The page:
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By Selena Stevens


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"Gender equity at UK is not an option.  We must make our work environment supportive and fair for everyone."

--Lee T. Todd Jr.,
University of Kentucky

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Oct. 30, 2000 – (Lexington, Ky.) – A new presidential commission, appointed to address issues relevant to women at the University of Kentucky, will meet for the first time at 7:30 a.m. Wednesday, Oct. 31, on the Patterson Office Tower 18th floor.

UK President Lee T. Todd Jr. created the commission and, at the Sept. 18 meeting of the UK Board of Trustees, named Carolyn S. Bratt, the W.L. Matthews Professor of Law in the College of Law, as its chairperson.

"Gender equity at UK is not option. We must make our work environment supportive and fair for everyone," Todd said. "We must have a priority on getting information about the environment for and success of our female employees. The recent report by the Ad-Hoc Committee on Women showed us there is room to improve. I hope this commission will guide us in how do that."

In the past month, Todd and Bratt have discussed the commission’s charge and membership. In early October, 19 UK faculty, staff and students were selected to round out the 20-member commission.

“I’ve been at UK for 27 years, and we’ve never had this kind of support to address the issues and challenges facing women at the university,” Bratt said. “To have a commission at the presidential level is very exciting and promising. It shows that the University is willing to recognize that there are problems and commit resources to alleviate them.”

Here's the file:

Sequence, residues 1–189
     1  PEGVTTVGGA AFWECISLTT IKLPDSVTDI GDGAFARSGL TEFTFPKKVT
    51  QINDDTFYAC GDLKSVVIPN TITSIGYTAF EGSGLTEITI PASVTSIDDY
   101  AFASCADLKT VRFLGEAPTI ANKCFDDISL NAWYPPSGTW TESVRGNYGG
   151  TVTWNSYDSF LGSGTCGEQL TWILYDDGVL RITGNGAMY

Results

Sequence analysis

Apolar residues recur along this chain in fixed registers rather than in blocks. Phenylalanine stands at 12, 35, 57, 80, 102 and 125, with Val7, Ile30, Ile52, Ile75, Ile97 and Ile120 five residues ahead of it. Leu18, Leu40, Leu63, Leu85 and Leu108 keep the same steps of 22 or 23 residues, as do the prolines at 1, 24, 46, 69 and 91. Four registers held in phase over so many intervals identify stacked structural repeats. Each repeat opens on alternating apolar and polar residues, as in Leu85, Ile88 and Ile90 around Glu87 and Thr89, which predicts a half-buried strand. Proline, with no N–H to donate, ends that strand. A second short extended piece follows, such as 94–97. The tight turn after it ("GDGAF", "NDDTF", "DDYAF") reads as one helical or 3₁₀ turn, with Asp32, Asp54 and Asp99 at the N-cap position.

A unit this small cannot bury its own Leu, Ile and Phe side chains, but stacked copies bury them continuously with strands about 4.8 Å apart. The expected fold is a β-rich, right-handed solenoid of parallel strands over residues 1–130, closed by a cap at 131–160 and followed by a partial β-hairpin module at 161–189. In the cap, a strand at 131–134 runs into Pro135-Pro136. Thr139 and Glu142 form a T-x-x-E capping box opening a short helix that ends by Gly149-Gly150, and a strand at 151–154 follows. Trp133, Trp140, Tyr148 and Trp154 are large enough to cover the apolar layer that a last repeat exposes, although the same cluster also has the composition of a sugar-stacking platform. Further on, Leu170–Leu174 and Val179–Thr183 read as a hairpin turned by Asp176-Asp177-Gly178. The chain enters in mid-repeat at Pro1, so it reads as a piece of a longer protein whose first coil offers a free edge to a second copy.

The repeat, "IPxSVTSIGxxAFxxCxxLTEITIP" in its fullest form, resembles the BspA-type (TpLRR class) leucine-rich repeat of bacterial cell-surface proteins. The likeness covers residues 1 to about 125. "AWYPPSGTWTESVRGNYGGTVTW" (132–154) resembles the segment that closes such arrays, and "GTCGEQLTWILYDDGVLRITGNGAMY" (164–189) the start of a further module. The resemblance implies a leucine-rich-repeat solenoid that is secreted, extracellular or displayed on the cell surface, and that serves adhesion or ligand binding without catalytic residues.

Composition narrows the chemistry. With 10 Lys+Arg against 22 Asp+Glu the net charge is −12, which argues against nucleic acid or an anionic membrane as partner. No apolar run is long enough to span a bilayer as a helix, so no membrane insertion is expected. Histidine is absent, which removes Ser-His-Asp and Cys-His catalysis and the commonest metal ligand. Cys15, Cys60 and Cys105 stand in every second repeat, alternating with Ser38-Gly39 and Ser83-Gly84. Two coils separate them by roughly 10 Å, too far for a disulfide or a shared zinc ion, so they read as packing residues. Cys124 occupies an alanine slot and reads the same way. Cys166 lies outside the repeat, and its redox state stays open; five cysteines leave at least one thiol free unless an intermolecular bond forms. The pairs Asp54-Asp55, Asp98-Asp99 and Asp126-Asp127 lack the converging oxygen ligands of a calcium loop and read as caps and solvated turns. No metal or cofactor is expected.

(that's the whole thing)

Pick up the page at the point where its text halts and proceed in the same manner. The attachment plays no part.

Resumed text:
Bratt, who had previously served with several other commission members on the university’s Ad-Hoc Committee on Women, said the commission will have many advantages over the committee and will build on the work of the committee, including its spring 2001 report on the Status of Women at UK.

“We’re not going to be the place to resolve individual complaints,” she said. “We’ll be looking for institutional impediments and the kinds of things that we need to do to make women full participants in the university community. With data from the 1988 and 2001 Ad-Hoc Committee reports, we have a wonderful starting place. We can see trends – some good, some bad.”

The commission also will work hand-in-hand with the soon-to-be formed Commission on Diversity. The two commissions will share space in Gillis Building offices and will assist each other in gathering and reviewing data.

The Commission on Women officially begins its work on Oct. 31, meeting as a group to hear its charge from President Todd. Monthly meetings are being planned for the full commission, and subcommittees are being planned that will likely meet more often, Bratt said. A half-day retreat and campus forums also are being planned to orient the commission and gather input from the campus community.

Information about the commission, including meeting schedules, will be posted on a Web site being created. To contact the commission, send an e-mail to

Members of the Commission on Women

Carolyn S. Bratt, Law, chairperson

Susan J. Scollay, Education

Lois M. Nora, Medicine

Debra A. Harley, Education

Mitzi M. Johnson, Behavioral Sciences

Suzanne Scheff, Engineering

Janet Hurley, University Health Service

Bessie Guerrant, Research Assessment

Edythe T. Lach, Medicine Dean's Office

Michelle P. Sohner, Academic Ombud Services

Bettie M. Allen, Custodial Services

Dwight Billings, Arts and Sciences

Jeffrey P. Bieber, Education

Ryan J. Kilpatrick, WUKY

Joy Myree, Graduate Student

Sara Sahni, Undergraduate Student

Azadeh Shirazi, Professional Student

Joan C. Callahan, Women's Studies

Deborah C. Kwolek, Women's Health Center

Jeanie Caldwell, Women's Forum

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